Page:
Minnesota spent a lot of emotional energy taking out Penn State last week. They lit up the Nittany Lions offense in ways somebody not familiar with Big Ten defenses would have thought impossible. The Golden Gophers do pitch the ball around and roll up and down the field. But now they have to go play a pretty decent Iowa team, who has only lost to Wisconsin, Michigan and Penn State, all closely. So they’re almost as good as those guys, and Minnesota, well, they eked out wins over San Diego State, Fresno State and Georgia Southern to start the year. How good are those GGs? This one will be another indication of their playoff worthiness.

No. 1 LSU at Ole Miss, 7 p.m., ESPN

Well, here’s the thing about Ole Miss. They lose a lot, but have been losing by fewer points than they did earlier in the season. They lost by 11 to Missouri, 7 to Texas A&M and 6 to Auburn. Auburn played LSU close. I guess I’m trying to build up some enthusiasm for this turd, but the fact is, LSU is probably going to stomp them flatter than a runned-over nutria rat on Pontchartrain Drive in Eden Isle.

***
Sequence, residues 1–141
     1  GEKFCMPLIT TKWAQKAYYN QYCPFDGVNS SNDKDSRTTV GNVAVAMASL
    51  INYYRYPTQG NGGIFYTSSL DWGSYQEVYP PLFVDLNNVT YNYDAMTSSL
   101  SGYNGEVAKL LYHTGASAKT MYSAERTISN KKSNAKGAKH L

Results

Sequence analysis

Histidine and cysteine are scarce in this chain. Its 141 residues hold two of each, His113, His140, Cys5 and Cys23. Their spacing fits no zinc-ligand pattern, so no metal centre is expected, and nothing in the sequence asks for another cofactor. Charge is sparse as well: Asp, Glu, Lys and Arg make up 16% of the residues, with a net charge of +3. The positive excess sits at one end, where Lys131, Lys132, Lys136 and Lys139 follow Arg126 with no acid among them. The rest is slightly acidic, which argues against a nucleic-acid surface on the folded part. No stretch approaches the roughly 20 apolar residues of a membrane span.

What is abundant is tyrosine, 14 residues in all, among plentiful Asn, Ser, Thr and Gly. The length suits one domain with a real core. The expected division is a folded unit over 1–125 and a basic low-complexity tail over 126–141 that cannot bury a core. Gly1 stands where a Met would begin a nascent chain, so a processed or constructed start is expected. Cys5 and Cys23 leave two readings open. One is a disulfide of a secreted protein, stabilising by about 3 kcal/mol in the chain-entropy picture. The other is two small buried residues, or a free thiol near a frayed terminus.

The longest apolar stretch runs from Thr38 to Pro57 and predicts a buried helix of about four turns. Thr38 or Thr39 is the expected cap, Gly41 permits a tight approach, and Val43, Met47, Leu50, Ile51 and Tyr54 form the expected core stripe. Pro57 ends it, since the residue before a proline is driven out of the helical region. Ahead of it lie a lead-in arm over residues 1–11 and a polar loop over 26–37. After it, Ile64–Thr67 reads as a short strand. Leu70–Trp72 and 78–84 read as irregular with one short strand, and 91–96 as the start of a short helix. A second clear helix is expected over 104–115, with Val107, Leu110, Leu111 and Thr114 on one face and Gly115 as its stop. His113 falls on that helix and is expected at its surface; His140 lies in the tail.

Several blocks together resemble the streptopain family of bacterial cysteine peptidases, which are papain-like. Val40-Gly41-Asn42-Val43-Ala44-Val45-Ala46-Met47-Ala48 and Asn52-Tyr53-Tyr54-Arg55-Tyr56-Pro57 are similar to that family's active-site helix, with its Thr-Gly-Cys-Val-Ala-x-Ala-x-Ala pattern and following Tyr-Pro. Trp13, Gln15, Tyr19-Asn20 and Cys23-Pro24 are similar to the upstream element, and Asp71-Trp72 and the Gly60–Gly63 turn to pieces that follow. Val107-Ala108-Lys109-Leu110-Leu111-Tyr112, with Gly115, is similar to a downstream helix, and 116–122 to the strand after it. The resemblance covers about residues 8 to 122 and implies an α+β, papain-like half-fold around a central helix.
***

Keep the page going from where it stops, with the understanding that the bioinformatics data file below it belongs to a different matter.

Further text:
No. 10 Oklahoma at No. 13 Baylor, 7:30 p.m., ABC

Can Oklahoma save the world from an undefeated Baylor waltzing into a semifinal demolition at the hands of Ohio State or LSU? It’s not that done a deal, because the Bears, unlike anybody else in the Big 12, sort of play defense a little bit. That could be enough to be the difference. But win or lose, these two teams could meet again in a few weeks for the Big 12 Championship Game because they have this wonky deal where the top two teams just play each other and the winner gets a trophy.